Crossovers

Zach Braff, Sarah Chalke, Judy Reyes, John C McGinley and Neil Flynn reprised their roles as JD, Elliot Reid, Carla Espinosa, Perry Cox, and the Janitor to make a cameo appearances in the 2003 Muppets film It's a Very Merry Muppet Christmas Movie, trying to reanimate Miss Piggy Eventually, Piggy and the Scrubs cast break the fourth wall, with the actors portraying themselves and Bill Lawrence appearing as himself/the director of the current episode

Sam Lloyd reprised his role as Ted Buckland in the season two finale of the Lawrence series Cougar Town In the episode, written and directed by Lawrence, Ted is in Hawaii and says his girlfriend, Stephanie Gooch, has run off with Dr Hooch Lloyd reprised his role again in a season three episode which also featured Ken Jenkins, Robert Maschio, Zach Braff, Christa Miller, Sarah Chalke and the Worthless Peons in cameo appearances at the end of the episode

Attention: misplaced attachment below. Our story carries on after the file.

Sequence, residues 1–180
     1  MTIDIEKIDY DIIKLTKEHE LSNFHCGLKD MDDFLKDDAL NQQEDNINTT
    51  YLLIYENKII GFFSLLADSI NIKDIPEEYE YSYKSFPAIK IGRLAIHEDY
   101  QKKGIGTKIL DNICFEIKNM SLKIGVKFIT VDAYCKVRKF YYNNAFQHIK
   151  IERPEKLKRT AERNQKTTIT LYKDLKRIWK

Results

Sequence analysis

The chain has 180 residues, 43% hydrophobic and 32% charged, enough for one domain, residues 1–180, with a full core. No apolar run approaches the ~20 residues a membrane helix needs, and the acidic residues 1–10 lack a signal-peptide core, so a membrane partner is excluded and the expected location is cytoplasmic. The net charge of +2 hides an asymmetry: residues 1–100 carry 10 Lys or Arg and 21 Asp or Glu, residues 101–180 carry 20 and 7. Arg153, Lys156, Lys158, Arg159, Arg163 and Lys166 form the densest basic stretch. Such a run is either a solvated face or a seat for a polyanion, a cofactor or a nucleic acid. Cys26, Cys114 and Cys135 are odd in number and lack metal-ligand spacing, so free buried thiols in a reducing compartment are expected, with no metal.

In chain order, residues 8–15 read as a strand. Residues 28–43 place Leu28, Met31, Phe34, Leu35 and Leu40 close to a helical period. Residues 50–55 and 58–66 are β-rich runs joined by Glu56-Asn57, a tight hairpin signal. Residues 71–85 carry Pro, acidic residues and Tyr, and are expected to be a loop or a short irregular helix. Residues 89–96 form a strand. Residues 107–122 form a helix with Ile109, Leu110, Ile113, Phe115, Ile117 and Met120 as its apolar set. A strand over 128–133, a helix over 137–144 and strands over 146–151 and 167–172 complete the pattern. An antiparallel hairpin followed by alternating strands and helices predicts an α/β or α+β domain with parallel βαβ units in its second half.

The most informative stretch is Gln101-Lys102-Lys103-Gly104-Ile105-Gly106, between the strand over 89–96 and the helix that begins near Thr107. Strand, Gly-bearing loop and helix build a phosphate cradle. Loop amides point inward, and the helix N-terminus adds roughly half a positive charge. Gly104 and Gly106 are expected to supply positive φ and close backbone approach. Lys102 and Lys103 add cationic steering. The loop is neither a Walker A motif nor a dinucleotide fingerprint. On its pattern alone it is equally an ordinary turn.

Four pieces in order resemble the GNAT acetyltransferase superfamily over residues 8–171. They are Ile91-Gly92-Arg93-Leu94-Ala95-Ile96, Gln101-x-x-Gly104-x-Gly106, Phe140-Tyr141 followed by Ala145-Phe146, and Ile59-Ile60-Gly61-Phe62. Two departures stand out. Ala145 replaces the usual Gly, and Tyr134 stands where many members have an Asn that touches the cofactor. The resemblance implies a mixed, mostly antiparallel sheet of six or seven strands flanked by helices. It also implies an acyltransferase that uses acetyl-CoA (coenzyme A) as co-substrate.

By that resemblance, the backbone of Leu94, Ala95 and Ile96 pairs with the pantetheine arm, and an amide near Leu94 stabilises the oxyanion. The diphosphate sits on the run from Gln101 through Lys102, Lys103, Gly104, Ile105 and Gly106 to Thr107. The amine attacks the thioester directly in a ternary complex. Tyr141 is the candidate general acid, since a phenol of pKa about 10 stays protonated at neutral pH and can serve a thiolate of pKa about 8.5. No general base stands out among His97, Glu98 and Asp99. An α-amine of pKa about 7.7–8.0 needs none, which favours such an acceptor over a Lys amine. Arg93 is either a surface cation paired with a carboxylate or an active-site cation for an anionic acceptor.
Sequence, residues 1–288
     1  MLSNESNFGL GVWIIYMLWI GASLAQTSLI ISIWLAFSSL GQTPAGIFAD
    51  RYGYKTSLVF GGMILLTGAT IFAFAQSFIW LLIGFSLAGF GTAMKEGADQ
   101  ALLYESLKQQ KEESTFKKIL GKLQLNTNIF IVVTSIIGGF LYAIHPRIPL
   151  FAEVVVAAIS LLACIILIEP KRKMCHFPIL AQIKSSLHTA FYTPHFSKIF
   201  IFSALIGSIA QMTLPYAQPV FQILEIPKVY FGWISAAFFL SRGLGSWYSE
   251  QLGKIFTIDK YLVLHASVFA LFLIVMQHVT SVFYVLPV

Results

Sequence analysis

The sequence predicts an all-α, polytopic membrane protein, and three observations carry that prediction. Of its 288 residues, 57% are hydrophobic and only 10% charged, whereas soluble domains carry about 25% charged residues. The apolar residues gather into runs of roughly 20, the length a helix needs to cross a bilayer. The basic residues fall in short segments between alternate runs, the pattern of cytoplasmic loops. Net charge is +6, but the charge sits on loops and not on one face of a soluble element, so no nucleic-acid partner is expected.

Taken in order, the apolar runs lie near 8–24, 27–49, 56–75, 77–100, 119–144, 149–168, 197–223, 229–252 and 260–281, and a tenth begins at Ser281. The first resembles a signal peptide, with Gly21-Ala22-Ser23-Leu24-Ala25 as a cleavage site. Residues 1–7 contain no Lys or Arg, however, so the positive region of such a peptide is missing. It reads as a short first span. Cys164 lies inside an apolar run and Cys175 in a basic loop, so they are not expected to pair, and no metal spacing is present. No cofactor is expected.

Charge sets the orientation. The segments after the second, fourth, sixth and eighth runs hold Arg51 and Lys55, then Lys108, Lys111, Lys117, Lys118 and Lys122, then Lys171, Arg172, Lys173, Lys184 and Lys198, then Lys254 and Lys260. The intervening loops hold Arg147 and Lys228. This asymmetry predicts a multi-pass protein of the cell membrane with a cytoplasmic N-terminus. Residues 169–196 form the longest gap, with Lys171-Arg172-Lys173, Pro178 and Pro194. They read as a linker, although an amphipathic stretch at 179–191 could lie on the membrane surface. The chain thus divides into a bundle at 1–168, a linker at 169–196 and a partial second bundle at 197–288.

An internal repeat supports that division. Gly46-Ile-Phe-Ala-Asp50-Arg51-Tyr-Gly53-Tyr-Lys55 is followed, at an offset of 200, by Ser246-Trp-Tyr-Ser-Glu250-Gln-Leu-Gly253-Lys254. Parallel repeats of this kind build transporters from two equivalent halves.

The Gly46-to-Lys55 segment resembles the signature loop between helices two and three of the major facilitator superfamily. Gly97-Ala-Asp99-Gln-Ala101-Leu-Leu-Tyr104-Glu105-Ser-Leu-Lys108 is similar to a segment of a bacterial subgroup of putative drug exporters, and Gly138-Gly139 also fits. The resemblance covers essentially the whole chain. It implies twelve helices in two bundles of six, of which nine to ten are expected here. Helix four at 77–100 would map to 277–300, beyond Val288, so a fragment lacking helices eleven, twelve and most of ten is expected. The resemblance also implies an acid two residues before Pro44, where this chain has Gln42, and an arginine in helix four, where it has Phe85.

Cinematography and delivery format

The show is shot with a single instead of multiple-camera setup more typical for sitcoms The season four episode "My Life in Four Cameras", has a brief multiple-camera style, since it includes JD's fantasies of life being more like a traditional sitcom

John Inwood, the cinematographer of the series, shot the series with his own Aaton XTR prod Super16 film camera Despite the fact that some broadcasters, such as the BBC, consider Super 16 a "non-HD" format, John Inwood believed that footage from his camera was not only sufficient to air in high definition, but it also "looked terrific"

Except for the finale of season five, "My Transition", which was broadcast in high definition, the first seven seasons of the show have been broadcast in standard definition with a 4:3 frame aspect ratio After the show was moved from NBC to ABC, the broadcast format for new episodes changed to high definition John Inwood opined that older episodes could be rereleased in HD, as well From the very beginning, he filmed the show with widescreen delivery in mind so the whole series could be aired in high definition when the market evolved